Chromated Copper Arsenate (CCA):
ACQ - An Alternative to CCA
CCA Table of Contents
Description and Formulations of ACQ
ACQ is a water-based wood preservative that prevents decay from fungi and insects (i.e., it is a fungicide and insecticide). There are currently four AWPA standardized ACQ formulations, ACQ Types A, B, C, and D. The different formulations allow flexibility in achieving compatibility with different wood species and end use applications. All ACQ types contain 2 active ingredients which may vary within the following limits: copper oxide (62%-71%), which is the primary fungicide and insecticide, and a quaternary ammonium compound (29%-38%), which provides additional fungicide and insect resistance properties.
- ACQ-A: Standardized by the American Wood-Preservers' Association (AWPA)1 in 1992 and deleted in 2000 due to a lack of use.
- ACQ-B: Standardized by the AWPA in 1992 and is primarily used for the treatment of western wood species such as Douglas fir because its ammonia carrier solution allows the ACQ to penetrate into these difficult-to-treat species. This formulation contains 66.7% copper oxide and 33.3% quat as didecyldimethylammonium chloride (DDAC). ACQ-B treated wood has a dark greenish-brown color that fades to a lighter brown and may have a slight ammonia odor until dry.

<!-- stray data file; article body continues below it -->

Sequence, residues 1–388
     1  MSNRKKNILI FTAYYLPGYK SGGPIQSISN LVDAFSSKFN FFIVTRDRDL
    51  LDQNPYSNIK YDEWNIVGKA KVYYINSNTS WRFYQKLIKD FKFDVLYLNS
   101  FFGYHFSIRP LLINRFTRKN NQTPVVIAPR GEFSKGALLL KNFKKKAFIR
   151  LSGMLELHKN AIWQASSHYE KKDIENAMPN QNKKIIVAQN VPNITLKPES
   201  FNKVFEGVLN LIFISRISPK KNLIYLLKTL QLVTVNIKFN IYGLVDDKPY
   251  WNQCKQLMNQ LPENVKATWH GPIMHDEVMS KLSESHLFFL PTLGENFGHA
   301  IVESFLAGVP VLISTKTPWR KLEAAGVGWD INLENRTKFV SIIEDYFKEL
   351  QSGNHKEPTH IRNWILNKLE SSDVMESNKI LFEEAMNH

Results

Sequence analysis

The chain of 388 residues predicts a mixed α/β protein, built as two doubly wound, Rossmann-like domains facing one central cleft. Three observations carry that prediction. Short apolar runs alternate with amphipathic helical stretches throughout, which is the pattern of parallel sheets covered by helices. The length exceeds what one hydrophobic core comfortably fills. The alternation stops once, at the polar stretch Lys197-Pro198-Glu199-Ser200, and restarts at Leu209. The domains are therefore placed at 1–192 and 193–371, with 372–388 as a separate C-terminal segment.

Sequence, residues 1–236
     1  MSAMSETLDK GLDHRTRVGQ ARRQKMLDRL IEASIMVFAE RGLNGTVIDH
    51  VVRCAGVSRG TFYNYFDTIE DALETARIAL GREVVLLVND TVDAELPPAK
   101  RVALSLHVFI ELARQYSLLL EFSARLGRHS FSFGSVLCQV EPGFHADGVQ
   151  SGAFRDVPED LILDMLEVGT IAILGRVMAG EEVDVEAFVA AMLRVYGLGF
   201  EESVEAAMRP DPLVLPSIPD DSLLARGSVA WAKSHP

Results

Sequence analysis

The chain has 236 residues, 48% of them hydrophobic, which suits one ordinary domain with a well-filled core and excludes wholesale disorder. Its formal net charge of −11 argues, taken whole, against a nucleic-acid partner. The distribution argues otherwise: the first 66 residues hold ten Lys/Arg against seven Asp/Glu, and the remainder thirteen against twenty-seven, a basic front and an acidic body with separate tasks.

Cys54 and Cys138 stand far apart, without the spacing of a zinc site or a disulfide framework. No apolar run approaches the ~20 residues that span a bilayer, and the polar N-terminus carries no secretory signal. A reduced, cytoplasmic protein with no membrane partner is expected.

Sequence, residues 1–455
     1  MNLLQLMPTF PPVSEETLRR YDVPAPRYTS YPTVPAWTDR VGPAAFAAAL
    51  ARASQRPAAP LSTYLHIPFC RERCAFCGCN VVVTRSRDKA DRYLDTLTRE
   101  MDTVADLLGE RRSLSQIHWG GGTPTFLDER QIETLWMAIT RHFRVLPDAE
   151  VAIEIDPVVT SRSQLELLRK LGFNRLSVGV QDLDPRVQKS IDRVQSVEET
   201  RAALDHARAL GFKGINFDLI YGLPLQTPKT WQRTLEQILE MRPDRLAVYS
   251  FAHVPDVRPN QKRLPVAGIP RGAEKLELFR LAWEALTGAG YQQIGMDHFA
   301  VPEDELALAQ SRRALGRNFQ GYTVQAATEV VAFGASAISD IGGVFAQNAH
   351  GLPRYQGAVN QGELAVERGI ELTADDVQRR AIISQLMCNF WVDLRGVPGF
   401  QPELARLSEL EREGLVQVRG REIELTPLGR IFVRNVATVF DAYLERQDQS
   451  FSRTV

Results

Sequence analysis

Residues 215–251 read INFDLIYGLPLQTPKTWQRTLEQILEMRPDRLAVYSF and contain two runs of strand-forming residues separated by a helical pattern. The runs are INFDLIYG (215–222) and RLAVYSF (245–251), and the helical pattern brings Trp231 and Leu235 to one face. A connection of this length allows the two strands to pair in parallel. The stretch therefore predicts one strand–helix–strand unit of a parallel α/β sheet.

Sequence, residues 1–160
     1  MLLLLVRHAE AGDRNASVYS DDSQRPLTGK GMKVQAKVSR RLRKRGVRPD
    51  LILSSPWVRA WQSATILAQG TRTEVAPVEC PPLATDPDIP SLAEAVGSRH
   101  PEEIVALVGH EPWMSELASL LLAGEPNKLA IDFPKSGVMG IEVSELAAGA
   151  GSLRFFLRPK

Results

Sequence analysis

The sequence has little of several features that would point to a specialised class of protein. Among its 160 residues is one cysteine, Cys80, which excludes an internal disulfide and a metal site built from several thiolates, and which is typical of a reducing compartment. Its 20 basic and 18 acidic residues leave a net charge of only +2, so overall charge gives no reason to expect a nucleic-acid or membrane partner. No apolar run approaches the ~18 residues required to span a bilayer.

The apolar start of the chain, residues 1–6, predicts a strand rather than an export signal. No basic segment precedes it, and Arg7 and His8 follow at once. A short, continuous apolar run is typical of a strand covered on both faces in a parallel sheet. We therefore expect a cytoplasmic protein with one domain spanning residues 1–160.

- ACQ-C: Standardized by the AWPA in 2002, it contains 66.7% copper oxide and 33.3% quat as alkyldimethylbenzylammonium chloride (ADBAC). Ammonia and/or ethanolamine can be used as the carrying solution in this formulation. Wood treated with ACQ-C varies in color that ranges between that of type B and type D.
- ACQ-D: Most wood-treating plants in the US generally use the ACQ-D formulation except for much of the west coast. Standardized by the AWPA in 1995, ACQ-D contains 66.7% copper oxide and 33.3% quat as DDAC. Type D differs from type B in that it uses an ethanolamine carrier solution rather than ammonia. Wood treated with ACQ-D has a lighter greenish-brown color with little odor.
Applications of ACQ
Water-based preservatives like ACQ leave a dry, paintable surface. ACQ is registered for use on: lumber, timbers, landscape ties, fence posts, building and utility poles, land, freshwater and marine pilings, sea walls, decking, wood shingles, and other wood structures.
1 The American Wood-Preservers' Association (AWPA) is the primary standard-setting body for pressure-treated wood. To become standardized by the AWPA, preservative-treated wood must undergo a series of rigorous tests to ensure its durability.